“That is not why we are gifted with it! We can help many with it.”

“If you say so.” Serge had his doubts.

“Do you want to try it?”

“What? Now?” Serge wasn’t sure he liked the whole idea.

“Put it in your mouth,” Shango said, with a grin.

“Wait what?”

“Put it. In. Your mouth.”

Serge complied after wiping it clean first. As soon as he popped it in his mouth, the hard marble became soft and slimy and felt it move. He spat it out instinctively, as Shango laughed.

“What the hell!”

Shango was still chuckling. “I’m sorry, I should’ve told you, but it’s always funny to see someone try it for the first time.” His tone became serious again. “But you really do have to put it in your mouth and keep it there.”

“It’s disgusting!”

“It is an eyeball after all.”

“A real eyeball? Really real?”

“Yes. It was from Damballa’s first snake companion and warned him of many things to come.”

“Damballa? Oh right, the lord of the Loa, you said his name earlier.”

“Do you have anything of Hélo on you?”

“I… have this braided bracelet she made me long ago. Why?”

“Excellent. You shall go and visit her. It will be easy since your bond with her is strong. Now sit. You don’t want to fall when it happens.”

Serge sat and Shango retrieved the eye and gave it back to him. They eye was like a marble again. Except that now it was stuck with the dirt that stuck to his spittle. He wiped it clean again. “This is really the only way?” he asked, as he recalled the sensation.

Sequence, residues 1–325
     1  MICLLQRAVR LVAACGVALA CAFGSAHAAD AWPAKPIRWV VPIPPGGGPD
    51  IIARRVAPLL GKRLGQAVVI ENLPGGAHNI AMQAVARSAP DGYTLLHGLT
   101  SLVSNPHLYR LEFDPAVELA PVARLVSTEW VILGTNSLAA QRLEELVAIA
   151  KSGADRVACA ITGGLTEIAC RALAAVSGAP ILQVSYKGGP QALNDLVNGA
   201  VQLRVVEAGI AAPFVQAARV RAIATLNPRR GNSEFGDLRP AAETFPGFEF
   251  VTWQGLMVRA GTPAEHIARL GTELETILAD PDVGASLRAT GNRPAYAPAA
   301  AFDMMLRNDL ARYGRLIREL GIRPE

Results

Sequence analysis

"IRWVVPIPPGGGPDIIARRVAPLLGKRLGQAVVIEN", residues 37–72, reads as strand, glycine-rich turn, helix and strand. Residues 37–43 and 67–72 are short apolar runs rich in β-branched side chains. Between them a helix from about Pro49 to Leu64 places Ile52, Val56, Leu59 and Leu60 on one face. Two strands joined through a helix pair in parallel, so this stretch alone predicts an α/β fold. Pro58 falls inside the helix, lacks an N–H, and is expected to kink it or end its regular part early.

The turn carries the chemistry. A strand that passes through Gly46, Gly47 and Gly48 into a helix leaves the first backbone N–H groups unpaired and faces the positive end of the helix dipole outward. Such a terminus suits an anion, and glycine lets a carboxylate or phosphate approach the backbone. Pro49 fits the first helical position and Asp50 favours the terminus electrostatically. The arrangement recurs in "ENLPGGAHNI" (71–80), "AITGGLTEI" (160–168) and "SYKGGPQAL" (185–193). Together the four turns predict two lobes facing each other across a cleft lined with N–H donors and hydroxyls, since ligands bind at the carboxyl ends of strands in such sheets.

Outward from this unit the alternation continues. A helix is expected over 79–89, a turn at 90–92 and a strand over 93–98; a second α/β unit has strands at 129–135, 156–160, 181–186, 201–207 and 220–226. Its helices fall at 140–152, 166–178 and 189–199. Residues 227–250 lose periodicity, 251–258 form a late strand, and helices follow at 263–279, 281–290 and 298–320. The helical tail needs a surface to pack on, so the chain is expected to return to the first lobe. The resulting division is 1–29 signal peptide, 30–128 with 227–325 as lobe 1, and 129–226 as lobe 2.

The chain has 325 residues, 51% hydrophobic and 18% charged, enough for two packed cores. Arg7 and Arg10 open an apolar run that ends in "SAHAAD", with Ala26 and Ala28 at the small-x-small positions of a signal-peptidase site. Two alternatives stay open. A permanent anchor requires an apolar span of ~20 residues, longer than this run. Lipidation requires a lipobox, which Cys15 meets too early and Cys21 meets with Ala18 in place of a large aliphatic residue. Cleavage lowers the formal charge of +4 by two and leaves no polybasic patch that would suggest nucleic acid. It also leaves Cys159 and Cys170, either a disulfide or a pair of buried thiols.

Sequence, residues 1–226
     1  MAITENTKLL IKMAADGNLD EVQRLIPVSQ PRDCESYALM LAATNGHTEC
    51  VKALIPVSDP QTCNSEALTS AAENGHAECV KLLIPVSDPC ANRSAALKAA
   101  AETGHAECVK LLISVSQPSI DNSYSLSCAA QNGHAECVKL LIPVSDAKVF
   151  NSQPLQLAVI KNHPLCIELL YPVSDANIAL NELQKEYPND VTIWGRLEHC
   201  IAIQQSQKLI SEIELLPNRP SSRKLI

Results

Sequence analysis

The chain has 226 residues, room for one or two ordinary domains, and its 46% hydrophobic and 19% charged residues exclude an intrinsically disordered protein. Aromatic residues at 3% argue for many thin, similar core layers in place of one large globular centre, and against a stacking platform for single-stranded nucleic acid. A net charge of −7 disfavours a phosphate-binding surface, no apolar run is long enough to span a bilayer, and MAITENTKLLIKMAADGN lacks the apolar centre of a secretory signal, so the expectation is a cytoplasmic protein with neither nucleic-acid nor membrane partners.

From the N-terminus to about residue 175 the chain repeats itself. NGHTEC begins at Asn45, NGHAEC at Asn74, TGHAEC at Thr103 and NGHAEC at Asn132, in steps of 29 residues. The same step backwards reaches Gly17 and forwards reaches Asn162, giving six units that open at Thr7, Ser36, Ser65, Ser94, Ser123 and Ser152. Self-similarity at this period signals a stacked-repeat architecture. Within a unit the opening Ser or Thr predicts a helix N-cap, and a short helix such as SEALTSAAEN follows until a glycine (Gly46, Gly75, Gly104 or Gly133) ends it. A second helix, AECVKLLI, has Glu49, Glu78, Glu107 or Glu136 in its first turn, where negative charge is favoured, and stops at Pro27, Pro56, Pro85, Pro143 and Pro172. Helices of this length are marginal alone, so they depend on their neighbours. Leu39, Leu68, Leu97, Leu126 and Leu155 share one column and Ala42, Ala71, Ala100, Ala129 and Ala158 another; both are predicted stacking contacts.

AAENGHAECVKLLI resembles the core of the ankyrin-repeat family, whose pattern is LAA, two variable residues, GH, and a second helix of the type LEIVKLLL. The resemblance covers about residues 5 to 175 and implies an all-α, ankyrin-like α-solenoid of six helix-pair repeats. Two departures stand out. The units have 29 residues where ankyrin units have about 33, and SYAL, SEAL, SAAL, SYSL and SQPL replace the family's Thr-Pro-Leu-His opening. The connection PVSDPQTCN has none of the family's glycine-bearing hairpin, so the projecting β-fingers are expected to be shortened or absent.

“With this gift, it is.”

He put it in his mouth again. Again he felt it change to something soft and slimy but resisted the urge to spit it out. The eye felt like it was moving around frantically.

“Now open your mouth and close your eyes,” directed Shango.

As he did both, he felt the eye move into position and could suddenly see again, with his eyes closed, but the perspective felt off. He then realized he was looking through the snake’s eye. He opened his eyes and his perspective was normal again. He closed and opened his eyes a few time to make sure and each time his point of view was changing like when he would alternate opening his left and right eye. He closed his eyes again and grunted his amazement.

“Now touch the bracelet and think of Héloïse.” He did, but couldn’t feel anything and grunted his confusion. “Now do not just think of looking at her, but think of looking within her. Try to use your essence to reach her.”